(1) In the event of failure or refusal of the contractor or any subcontractor to comply with overtime pay requirements of the Contract Work Hours and Safety Standards Act, if the funds withheld by Federal agencies for the violations are not sufficient to pay fully both the unpaid wages due laborers and mechanics and the liquidated damages due the United States, the available funds shall be used first to compensate the laborers and mechanics for the wages to which they are entitled (or an equitable portion thereof when the funds are not adequate for this purpose); and the balance, if any, shall be used for the payment of liquidated damages.
(2) In the performance of any contract entered into pursuant to the provisions of 38 U.S.C. 620 to provide nursing home care of veterans, no contractor or subcontractor under such contract shall be deemed in violation of section 102 of the Contract Work Hours and Safety Standards Act by virtue of failure to pay the overtime wages required by such section for work in excess of 40 hours in the workweek to any individual employed by an establishment which is an institution primarily engaged in the care of the sick, the aged, or the mentally ill or defective who reside on the premises if, pursuant to an agreement or understanding arrived at between the employer and the employee before performance of the work, a work period of 14 consecutive days is accepted in lieu of the workweek of 7 consecutive days for the purpose of overtime compensation and if such individual receives compensation for employment in excess of 8 hours in any workday and in excess of 80 hours in such 14-day period at a rate not less than 1 1/2 times the regular rate at which the individual is employed, computed in accordance with the requirements of the Fair Labor Standards Act of 1938, as amended.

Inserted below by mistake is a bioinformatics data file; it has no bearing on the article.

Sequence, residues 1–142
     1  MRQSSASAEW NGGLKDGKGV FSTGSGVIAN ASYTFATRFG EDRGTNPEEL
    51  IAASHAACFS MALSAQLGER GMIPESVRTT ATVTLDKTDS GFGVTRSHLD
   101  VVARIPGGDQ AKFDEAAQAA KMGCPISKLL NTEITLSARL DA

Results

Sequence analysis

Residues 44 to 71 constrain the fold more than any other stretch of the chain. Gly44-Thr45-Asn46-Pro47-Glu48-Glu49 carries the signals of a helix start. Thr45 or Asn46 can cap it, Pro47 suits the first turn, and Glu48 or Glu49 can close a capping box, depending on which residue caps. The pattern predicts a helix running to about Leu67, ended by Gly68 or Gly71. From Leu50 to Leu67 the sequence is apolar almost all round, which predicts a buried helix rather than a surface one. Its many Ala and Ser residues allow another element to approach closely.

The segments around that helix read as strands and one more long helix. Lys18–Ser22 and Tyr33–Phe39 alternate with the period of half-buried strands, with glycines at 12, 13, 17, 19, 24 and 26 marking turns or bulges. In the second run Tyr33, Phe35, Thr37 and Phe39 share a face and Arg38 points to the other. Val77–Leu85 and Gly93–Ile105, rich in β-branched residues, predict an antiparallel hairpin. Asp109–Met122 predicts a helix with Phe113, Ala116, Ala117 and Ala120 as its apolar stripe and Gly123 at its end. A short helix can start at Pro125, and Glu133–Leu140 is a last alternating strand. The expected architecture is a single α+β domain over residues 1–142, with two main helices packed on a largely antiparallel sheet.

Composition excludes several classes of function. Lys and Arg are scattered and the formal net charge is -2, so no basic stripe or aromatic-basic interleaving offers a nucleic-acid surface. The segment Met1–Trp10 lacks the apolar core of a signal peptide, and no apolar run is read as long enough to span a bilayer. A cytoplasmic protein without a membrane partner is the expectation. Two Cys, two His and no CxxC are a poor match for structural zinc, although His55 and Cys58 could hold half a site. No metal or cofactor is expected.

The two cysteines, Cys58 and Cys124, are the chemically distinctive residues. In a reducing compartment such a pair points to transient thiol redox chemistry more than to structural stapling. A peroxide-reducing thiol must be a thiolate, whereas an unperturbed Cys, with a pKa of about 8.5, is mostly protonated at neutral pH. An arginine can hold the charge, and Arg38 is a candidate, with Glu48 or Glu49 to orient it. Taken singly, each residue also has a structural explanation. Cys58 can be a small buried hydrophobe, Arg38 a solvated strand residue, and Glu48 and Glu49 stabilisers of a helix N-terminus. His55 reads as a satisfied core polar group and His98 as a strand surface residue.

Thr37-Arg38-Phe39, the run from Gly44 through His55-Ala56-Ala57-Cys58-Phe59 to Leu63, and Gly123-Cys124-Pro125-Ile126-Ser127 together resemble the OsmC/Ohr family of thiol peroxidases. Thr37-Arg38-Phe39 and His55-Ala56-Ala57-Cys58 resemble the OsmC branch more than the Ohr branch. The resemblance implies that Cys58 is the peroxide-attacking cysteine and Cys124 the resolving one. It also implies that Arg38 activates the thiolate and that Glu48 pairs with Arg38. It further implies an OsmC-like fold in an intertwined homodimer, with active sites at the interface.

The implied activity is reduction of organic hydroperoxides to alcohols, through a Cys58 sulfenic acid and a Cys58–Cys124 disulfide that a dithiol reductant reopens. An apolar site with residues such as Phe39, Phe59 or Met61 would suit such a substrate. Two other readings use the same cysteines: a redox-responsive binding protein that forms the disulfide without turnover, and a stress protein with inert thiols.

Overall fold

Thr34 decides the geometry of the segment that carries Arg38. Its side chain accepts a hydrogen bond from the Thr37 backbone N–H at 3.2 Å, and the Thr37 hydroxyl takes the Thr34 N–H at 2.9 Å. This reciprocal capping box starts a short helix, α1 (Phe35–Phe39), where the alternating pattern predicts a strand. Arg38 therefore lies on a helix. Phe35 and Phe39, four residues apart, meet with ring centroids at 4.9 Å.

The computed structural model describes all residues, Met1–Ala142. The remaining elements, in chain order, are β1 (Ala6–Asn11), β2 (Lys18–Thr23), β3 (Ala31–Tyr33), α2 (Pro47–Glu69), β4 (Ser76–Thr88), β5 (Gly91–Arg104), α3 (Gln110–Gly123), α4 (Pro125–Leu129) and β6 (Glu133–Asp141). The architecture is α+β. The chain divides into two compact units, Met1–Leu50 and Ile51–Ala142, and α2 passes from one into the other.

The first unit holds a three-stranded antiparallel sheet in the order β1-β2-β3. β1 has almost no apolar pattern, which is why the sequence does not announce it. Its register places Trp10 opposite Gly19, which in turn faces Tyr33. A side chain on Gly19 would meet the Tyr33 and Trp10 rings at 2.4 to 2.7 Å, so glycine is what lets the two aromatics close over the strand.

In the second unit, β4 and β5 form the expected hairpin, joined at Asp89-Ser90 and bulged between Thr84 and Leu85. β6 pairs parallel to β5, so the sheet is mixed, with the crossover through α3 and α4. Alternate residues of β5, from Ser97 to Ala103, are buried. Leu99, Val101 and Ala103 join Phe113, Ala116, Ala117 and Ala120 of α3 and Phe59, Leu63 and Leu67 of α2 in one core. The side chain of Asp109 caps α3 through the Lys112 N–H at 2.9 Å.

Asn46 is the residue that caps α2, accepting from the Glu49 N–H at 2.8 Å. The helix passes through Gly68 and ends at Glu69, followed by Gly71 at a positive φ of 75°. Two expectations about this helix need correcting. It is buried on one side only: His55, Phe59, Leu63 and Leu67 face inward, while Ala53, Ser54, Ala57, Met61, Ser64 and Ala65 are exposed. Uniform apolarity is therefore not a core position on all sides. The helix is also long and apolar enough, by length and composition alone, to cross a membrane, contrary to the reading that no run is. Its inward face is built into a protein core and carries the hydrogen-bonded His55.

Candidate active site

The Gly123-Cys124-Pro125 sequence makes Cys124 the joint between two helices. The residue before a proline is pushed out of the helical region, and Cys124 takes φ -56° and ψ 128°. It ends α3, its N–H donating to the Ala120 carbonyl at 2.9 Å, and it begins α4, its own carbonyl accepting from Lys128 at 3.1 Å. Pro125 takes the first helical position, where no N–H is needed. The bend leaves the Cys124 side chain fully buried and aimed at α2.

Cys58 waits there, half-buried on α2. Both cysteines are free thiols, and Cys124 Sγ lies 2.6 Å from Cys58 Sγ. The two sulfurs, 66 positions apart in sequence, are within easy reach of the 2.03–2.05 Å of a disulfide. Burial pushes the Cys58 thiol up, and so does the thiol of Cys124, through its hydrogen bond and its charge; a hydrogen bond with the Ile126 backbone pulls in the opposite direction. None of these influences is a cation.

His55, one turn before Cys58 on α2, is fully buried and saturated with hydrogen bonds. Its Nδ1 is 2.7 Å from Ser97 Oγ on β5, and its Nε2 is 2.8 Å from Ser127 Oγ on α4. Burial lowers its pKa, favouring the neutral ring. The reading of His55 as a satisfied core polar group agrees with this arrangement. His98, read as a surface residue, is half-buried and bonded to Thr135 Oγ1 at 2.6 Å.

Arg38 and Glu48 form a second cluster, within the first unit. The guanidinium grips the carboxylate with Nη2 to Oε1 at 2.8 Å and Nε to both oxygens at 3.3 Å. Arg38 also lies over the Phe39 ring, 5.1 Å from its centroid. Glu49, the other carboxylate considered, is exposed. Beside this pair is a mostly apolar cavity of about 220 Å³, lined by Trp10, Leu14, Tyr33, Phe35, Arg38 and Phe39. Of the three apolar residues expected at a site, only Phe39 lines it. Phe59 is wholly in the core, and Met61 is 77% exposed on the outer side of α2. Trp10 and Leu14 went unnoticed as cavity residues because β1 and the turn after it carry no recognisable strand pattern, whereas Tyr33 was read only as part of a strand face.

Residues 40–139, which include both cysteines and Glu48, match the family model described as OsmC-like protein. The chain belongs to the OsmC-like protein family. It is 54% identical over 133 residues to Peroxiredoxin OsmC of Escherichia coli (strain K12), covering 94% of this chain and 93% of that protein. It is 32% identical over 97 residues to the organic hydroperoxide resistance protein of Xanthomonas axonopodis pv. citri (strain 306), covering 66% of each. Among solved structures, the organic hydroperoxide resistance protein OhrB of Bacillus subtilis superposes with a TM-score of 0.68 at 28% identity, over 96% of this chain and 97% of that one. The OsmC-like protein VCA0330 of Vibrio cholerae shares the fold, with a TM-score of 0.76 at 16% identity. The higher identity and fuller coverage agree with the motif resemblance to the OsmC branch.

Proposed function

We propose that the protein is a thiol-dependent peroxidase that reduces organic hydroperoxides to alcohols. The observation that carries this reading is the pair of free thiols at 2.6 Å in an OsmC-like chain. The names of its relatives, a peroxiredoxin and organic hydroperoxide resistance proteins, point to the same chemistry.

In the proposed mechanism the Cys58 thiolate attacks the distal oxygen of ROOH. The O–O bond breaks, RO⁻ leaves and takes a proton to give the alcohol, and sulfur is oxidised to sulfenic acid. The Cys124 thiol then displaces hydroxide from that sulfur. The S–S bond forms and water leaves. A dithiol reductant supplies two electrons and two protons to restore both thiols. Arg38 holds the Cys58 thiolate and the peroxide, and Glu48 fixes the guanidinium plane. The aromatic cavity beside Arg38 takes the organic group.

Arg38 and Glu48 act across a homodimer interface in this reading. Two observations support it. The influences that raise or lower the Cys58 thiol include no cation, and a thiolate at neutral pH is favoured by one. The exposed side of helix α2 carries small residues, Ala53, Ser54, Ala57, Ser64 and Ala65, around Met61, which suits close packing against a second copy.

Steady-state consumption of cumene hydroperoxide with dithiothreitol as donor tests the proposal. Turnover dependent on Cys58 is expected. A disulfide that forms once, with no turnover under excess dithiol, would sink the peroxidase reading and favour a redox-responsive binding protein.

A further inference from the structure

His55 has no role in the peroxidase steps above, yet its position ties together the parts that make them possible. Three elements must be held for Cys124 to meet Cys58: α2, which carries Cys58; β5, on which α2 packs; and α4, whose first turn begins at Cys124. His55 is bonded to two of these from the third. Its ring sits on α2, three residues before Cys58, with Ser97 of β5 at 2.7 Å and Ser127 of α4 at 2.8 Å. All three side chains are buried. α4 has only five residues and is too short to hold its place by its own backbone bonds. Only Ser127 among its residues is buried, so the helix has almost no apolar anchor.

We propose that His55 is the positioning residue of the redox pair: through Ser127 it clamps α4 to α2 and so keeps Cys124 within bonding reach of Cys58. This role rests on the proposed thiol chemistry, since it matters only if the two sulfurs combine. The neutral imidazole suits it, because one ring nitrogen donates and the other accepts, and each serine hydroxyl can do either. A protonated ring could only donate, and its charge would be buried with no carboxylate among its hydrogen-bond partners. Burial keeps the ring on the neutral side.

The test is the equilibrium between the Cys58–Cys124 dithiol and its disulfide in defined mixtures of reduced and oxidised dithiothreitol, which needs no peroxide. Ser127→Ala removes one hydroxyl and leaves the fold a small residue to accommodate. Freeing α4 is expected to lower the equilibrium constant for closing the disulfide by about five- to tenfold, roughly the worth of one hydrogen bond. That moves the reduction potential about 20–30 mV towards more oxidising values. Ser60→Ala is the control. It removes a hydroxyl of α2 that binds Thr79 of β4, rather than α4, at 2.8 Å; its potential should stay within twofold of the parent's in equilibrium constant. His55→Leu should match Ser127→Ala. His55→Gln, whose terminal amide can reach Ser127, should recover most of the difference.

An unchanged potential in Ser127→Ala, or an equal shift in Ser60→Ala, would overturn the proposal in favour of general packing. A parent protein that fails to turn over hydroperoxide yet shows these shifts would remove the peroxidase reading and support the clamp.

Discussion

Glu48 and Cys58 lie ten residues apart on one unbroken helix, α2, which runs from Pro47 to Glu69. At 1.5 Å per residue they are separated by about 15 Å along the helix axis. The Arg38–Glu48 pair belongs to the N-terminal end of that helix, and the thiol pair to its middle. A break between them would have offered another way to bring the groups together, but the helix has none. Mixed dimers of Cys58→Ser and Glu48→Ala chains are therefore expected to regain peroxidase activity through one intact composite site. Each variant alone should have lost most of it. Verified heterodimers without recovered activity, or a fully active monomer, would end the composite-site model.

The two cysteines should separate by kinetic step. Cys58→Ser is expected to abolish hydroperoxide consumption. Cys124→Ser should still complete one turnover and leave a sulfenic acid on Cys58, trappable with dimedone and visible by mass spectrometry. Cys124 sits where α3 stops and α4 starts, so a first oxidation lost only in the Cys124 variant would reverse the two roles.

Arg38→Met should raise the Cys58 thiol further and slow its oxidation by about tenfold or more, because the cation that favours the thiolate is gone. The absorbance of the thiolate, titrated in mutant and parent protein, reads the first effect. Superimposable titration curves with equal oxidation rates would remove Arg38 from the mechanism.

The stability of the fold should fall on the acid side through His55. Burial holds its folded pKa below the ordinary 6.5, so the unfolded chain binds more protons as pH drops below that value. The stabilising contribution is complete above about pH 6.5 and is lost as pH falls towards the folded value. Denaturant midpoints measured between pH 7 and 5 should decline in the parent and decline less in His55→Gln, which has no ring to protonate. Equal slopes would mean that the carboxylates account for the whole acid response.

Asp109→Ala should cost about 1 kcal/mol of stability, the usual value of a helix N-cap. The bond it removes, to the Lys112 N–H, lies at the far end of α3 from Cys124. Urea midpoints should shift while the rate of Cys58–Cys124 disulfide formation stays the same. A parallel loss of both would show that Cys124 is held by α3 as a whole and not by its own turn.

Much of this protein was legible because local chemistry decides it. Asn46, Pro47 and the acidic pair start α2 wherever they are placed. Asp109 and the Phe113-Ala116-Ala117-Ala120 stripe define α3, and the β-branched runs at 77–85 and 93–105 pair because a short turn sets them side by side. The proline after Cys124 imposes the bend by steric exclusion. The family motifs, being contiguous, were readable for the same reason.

(3) Any contractor or subcontractor performing on a government contract the principal purpose of which is the furnishing of fire fighting or suppression and related services, shall not be deemed to be in violation of section 102 of the Contract Work Hour and Safety Standards Act for failing to pay the overtime compensation required by section 102 of the Act in accordance with the basic rate of pay as defined in paragraph (c)(1) of this section, to any pilot or copilot of a fixed-wing or rotary-wing aircraft employed on such contract if:
(i) Pursuant to a written employment agreement between the contractor and the employee which is arrived at before performance of the work.
(A) The employee receives gross wages of not less than $300 per week regardless of the total number of hours worked in any workweek, and
(B) Within any workweek the total wages which an employee receives are not less than the wages to which the employee would have been entitled in that workweek if the employee were paid the minimum hourly wage required under the contract pursuant to the provisions of the Service Contract Act of 1965 and any applicable wage determination issued thereunder for all hours worked, plus an additional premium payment of one-half times such minimum hourly wage for all hours worked in excess of 40 hours in the workweek;
(ii) The contractor maintains accurate records of the total daily and weekly hours of work performed by such employee on the government contract. In the event these conditions for the exemption are not met, the requirements of section 102 of the Contract Work Hours and Safety Standards Act shall be applicable to the contract from the date the contractor or subcontractor fails to satisfy the conditions until completion of the contract.